Sherlock Holmes is a fictional private detective created by British author Sir Arthur Conan Doyle often referred to throughout the entire series. Known as a "consulting detective" in the stories, Holmes is known for a proficiency with observation, forensic science, and logical reasoning that borders on the fantastic, which he employs when investigating cases for a wide variety of clients, including Scotland Yard. First appearing in print in 1887 (in A Study in Scarlet), the character's popularity became widespread with the first series of short stories inThe Strand Magazine, beginning with "A Scandal in Bohemia" in 1891; additional stories appeared from then to 1927, eventually totalling four novels and 56 short stories. All but one are set in the Victorian or Edwardian periods, taking place between about 1880 to 1914. Most are narrated by the character of Holmes's friend and biographer Dr. Watson, who usually accompanies Holmes during his investigations and often shares quarters with him at the address of 221B Baker Street, London, where many of the stories begin.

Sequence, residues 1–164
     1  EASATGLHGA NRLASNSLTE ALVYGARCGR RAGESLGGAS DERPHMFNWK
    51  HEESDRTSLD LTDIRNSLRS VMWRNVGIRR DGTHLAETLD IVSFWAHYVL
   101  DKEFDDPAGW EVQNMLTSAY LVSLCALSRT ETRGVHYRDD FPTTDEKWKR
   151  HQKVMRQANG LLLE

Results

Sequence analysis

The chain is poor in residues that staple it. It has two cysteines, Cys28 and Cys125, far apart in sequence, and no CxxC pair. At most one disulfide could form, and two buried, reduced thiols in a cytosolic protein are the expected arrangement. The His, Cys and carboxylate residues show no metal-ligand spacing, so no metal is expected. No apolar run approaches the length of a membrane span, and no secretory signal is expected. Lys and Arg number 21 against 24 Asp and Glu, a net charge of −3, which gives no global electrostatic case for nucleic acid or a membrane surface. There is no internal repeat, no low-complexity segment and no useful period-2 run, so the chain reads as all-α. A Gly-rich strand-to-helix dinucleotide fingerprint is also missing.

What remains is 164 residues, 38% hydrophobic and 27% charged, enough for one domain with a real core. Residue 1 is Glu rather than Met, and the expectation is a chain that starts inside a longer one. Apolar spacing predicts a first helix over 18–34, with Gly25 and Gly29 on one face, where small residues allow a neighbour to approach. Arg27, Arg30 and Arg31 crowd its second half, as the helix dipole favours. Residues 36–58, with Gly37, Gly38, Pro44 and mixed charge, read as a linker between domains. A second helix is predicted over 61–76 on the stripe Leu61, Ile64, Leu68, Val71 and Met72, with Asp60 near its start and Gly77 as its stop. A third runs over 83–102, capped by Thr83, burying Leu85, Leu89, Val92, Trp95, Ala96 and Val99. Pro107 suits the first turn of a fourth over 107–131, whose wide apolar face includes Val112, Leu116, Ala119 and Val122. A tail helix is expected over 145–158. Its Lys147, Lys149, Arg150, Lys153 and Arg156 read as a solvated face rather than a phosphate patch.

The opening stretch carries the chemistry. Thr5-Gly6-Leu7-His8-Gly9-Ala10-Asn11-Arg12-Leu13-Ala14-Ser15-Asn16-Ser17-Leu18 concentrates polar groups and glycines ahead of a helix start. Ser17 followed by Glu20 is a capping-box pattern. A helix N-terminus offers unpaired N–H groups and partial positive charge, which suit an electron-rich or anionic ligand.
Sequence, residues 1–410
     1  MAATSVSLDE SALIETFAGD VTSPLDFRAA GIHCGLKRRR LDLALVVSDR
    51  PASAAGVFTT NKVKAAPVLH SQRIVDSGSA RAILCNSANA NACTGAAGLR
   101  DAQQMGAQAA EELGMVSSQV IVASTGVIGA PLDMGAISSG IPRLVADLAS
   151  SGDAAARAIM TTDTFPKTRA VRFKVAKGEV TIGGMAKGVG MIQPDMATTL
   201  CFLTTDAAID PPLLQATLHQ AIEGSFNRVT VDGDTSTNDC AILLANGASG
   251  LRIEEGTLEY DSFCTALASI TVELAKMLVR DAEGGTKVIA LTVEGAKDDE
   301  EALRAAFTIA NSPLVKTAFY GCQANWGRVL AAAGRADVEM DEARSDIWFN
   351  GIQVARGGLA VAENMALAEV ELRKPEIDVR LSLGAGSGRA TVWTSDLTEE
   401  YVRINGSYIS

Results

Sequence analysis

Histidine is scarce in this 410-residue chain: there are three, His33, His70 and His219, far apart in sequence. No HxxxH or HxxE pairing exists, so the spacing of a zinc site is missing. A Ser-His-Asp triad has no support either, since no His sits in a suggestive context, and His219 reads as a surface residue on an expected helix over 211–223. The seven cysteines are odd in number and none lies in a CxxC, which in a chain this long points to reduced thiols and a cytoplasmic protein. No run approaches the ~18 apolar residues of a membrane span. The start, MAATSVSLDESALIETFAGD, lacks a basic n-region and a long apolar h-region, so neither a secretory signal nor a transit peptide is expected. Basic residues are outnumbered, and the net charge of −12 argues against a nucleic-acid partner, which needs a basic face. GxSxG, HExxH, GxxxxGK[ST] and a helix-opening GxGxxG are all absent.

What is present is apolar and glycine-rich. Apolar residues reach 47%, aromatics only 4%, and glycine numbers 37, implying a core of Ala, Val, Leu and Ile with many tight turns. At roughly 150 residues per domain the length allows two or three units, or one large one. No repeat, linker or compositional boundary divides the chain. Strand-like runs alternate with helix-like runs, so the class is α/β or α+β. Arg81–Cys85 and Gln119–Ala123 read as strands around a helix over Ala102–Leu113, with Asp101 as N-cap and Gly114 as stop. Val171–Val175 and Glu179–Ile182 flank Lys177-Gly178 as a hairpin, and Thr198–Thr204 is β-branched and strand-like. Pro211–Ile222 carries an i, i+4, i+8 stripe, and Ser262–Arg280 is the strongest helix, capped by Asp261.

Though not the first fictional detective, Sherlock Holmes is arguably the most well-known, with Guinness World Records listing him as the "most portrayed movie character" in history. Holmes's popularity and fame are such that many have believed him to be not a fictional character but a real individual; numerous literary and fan societies have been founded that pretend to operate on this principle. The stories and character have had a profound and lasting effect on mystery writing and popular culture as a whole, with both the original tales as well as thousands written by authors other than Conan Doyle being adapted into stage and radio plays, television, films, video games, and other media for over one hundred years.